The Uyuni salar is one of the most famous places in South America and for a good reason. It is the world’s largest salt flat, defined by a desolate landscape whose vastness is unmatched. The Uyuni salar is a remote place that is worth the odyssey, and you can reach the area by driving from Chile’s Atacama desert (a full-day ride from San Pedro de Atacama). A road trip that offers the best views of the altiplano, with colorful lakes, thousands of flamingos and otherworldly volcanoes.
But the Uyuni salar itself is worth the long hours spent on the dusty roads of the desert. It goes far beyond the uniqueness of the pictures you can take there : it is just incredibly unique, and these are the reasons why.
1. It is the world’s largest salt flat
The Uyuni salar has an area of over 10,000 square kilometers (3,900 sq mi). Crossing the entire salar (or “playa”) would take you at least half a day, and this giant salt flat can be easily identified from space (look for the great white stain on the Bolivian map). It is also high, with an elevation of 3,656 m.a.s.l. (11,995ft) near the crest of the Andes. So you’d better prepare for the altitude!
2. It sometimes becomes the world’s largest natural mirror
True story! During the wet season - known as the “altiplanic winter” (from December to February), a thin layer of rainwater creates a mirror-like surface as smooth as glass. Travelers from around the world come to spot this natural phenomenon. Unfortunately, even though you make your best to come during that time of the year, this magical event cannot be guaranteed - which makes it even more exciting, doesn’t it?
3. It offers some of the best sunsets in South America
Are you a photographer? If you are, catching sunset from the heart of the salar should be on your bucket list. And if you’re not, you can’t miss this magic moment, when the atmosphere gets impregnated with purple, orange and pink. As the salar is perfectly flat and the horizon blurred, it is almost impossible to distinguish the sky from the earth. This otherworldly experience typically happens between 6 and 8pm depending on the time of year, and you may also want to spot sunrise though it is not as popular as sunset.
Stargazers typically come to the Uyuni salar to catch the milky way above the horizon, and enjoy one of the clearest skies on Earth.
4. It is full of history
The history of the Uyuni salar started between 30,000 and 42,000 years ago, when the area was part of a giant prehistoric lake known as lake Minchin. Between 26,100 and 13,000 years ago, lake Minchin transformed into Paleo Lake Tauca with an average depth of 140 meters (460 ft). It quickly dried and left behind two new lakes (Poopó and Uru Uru) and two major salt deserts, the Coipasa salar and the Uyuni salar. The Uyuni salar is by far the largest salt flat. So you get an idea, it is about 100 times the size of the famous Bonneville salt flats in the United States (Utah). The Uyuni salar is estimated to contain 10 billion tonnes of salt. This salt is exploited in some areas, and about 25.000 tons are extracted annually. Nowadays, the Uyuni salar faces a challenge with a growing interest for the lithium it contains.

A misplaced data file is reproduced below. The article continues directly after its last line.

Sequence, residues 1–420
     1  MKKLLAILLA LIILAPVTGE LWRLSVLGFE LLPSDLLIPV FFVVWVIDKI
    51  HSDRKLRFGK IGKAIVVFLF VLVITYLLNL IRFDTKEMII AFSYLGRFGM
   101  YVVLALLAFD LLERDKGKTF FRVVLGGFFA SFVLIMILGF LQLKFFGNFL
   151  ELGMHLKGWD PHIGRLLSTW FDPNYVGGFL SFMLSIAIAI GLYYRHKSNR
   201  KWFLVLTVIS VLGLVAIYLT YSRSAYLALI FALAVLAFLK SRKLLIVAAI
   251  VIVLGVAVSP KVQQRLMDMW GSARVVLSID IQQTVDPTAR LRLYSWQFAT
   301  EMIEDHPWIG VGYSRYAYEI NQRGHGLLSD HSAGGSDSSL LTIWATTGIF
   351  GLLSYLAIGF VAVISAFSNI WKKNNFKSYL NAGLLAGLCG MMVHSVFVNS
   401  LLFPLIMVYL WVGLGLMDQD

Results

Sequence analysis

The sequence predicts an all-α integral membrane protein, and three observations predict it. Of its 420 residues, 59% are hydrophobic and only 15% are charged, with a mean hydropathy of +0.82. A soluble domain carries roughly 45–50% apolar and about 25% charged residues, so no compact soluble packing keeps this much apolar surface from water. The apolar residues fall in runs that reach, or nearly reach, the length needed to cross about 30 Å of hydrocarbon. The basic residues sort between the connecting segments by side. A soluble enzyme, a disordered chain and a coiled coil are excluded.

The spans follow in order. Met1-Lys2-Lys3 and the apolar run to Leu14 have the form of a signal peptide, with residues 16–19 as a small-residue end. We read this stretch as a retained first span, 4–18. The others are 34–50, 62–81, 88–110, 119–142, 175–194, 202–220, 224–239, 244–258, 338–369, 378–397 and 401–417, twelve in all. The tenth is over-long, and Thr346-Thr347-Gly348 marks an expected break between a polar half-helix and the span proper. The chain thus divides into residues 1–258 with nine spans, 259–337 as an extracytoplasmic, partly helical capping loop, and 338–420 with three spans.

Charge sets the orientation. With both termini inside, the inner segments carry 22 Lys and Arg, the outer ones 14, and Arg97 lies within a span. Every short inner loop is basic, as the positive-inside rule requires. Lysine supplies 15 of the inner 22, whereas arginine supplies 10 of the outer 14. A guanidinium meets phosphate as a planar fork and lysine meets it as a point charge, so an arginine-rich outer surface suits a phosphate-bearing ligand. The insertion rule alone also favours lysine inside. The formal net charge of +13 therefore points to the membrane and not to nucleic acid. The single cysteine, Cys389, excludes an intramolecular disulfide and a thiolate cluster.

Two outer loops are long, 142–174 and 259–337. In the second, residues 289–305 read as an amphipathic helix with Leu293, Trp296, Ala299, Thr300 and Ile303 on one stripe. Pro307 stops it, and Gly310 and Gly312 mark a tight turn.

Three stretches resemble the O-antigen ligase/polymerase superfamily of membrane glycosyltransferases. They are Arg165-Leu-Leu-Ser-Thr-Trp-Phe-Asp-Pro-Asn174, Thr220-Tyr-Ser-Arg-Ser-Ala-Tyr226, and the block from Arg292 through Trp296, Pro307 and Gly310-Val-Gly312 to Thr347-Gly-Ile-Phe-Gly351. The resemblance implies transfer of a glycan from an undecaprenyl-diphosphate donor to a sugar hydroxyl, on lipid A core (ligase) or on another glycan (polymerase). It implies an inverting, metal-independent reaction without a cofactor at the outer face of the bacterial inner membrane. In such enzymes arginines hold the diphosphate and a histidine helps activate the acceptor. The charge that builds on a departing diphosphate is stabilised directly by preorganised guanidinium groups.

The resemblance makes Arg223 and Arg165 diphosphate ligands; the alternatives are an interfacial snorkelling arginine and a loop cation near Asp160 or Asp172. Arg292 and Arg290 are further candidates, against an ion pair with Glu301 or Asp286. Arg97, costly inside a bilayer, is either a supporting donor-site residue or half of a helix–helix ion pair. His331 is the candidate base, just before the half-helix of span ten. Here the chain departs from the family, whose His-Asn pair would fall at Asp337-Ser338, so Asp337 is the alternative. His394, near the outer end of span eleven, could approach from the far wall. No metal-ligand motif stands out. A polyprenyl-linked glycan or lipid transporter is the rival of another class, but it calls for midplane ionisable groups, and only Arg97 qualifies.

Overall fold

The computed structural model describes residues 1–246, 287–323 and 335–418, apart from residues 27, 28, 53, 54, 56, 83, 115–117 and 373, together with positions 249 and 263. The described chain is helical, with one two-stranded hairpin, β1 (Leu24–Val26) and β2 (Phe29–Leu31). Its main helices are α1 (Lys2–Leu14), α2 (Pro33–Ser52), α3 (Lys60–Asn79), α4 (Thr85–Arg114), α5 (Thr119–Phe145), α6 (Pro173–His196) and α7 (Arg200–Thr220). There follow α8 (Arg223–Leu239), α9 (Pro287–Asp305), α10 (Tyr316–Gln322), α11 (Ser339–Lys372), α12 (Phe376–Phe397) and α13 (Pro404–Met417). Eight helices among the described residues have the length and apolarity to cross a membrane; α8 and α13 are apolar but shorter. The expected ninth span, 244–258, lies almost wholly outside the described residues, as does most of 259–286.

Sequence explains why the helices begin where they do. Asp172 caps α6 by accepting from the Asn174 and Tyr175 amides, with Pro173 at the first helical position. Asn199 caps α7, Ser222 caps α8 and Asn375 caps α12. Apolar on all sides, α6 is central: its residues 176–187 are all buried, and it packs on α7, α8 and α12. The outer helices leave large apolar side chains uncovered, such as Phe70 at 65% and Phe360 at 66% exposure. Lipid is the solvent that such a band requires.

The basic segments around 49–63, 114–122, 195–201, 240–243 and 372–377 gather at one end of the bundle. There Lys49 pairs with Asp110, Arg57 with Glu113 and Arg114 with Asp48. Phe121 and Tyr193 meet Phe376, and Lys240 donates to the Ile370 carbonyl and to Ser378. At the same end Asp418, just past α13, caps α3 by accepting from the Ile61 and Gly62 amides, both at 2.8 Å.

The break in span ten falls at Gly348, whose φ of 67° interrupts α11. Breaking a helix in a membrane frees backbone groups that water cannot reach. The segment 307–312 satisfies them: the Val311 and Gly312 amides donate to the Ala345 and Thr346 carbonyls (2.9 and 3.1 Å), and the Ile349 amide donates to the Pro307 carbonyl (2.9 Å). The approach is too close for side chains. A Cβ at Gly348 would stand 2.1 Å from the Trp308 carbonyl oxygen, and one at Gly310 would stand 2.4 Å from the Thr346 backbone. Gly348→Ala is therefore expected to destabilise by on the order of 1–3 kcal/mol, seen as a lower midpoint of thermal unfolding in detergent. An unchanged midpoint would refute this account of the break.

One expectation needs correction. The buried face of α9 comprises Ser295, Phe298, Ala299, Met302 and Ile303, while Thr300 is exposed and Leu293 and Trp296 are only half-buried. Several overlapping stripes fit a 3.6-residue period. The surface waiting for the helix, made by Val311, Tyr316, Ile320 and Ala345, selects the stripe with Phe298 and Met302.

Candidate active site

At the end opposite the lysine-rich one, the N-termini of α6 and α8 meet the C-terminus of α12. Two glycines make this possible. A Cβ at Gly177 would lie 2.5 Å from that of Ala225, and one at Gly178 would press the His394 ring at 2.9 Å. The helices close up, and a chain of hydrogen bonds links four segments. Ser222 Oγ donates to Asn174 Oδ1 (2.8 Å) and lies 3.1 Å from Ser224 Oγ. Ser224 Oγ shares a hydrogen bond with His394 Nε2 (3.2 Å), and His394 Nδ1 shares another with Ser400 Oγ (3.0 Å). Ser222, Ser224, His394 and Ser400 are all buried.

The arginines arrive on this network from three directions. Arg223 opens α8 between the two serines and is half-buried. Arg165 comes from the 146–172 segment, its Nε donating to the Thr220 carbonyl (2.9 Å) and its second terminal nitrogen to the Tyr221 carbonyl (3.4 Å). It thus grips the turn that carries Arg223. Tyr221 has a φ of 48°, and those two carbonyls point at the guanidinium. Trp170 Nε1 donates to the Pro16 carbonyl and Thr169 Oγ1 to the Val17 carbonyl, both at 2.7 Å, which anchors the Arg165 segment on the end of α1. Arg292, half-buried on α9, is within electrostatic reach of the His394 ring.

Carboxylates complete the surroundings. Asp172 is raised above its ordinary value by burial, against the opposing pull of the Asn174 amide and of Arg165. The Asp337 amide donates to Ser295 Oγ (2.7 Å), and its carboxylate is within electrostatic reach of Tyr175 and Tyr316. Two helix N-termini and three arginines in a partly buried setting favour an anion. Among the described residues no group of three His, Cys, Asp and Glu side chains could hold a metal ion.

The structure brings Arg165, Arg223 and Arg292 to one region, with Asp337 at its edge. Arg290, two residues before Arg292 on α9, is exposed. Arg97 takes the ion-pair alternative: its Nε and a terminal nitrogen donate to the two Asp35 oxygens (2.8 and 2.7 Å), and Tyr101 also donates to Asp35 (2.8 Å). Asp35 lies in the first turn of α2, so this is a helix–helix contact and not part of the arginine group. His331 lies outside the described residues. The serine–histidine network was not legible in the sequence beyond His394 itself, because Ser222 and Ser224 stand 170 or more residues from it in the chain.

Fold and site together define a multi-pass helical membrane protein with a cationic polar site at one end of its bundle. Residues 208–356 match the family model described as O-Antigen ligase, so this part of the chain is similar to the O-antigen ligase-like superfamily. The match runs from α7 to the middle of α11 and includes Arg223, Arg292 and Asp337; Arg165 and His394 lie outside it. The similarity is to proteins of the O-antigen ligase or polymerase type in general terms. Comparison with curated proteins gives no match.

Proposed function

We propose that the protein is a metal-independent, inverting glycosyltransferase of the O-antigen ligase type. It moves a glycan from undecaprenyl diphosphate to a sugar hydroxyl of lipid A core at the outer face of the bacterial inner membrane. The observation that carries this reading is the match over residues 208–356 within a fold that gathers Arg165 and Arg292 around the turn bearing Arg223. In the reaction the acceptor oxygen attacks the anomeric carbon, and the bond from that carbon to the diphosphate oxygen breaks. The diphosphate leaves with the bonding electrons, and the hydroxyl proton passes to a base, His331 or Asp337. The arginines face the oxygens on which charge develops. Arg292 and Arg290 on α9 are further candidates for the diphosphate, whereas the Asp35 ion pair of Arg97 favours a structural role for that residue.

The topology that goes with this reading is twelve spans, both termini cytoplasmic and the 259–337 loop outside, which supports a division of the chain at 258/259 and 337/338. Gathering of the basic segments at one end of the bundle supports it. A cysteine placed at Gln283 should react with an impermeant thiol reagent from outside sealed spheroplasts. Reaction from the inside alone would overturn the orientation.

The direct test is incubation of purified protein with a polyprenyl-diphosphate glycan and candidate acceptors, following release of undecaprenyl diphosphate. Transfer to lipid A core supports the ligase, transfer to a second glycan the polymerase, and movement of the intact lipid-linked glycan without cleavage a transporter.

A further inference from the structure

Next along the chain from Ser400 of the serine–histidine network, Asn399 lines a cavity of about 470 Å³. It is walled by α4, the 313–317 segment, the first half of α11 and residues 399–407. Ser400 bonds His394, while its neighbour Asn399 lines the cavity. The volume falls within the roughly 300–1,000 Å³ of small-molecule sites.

The salar is indeed part of the “lithium triangle”, a resource that is massively used worldwide especially for the manufacture of batteries (including cell phones). Bolivia holds about 7% of the world’s known lithium resources, most of them are in the Uyuni salar. Luckily, no mining plant is currently operating in the salt flats, so nature remains pristine despite some places where salt is extracted in a surprising way (search for the salt pyramids ready for harvest!).
5. It is an epic location for adventurers
Despite its remoteness (569 kilometers away from Bolivia’s capital La Paz and almost 500 kilometers away from San Pedro de Atacama in Chile), the Uyuni salar is worth the trip. The most beautiful way to get there is to travel through the Sud Lípez province, which is why we highly recommend a trip to Uyuni if you come to Chile’s Atacama desert with enough time to do so. The Sud Lípez province is famous for its otherworldly rock formations and colorful lakes, such as Laguna Verde and Laguna Blanca (both near Chile’s border with the Licancabur volcano as a backdrop). But it also offers plenty of wildlife spotting opportunities. You will see hundreds of grazing llamas and thousands of flamingos, especially in the red waters of Laguna Colorada.
By traveling from the Atacama desert to Uyuni, you will cross the Dali desert, a highlight of the Eduardo Avaroa Andean Fauna National Reserve that is characterized by landscapes that resemble surrealist paintings by Salvador Dalí. The dusty gravel roads make it a real adventure and you will want an experienced driver with a 4X4 car to reach the town of Uyuni, the starting point of all adventures in the Uyuni salar.
In the salar itself, you can be driven to the famous Incahuasi island in the middle of the salt flat and do a short walk to spot the gigantic cacti, surrounded by the majesty of the salar. The former island is the top of the remains of an ancient volcano, which was submerged about 40,000 years ago when the area was part of a giant prehistoric lake.
You can also cycle in the vastness of the salar, and eventually climb the nearby Thunupa volcano (for the most experienced hikers only - acclimatizing to the altitude is a must!).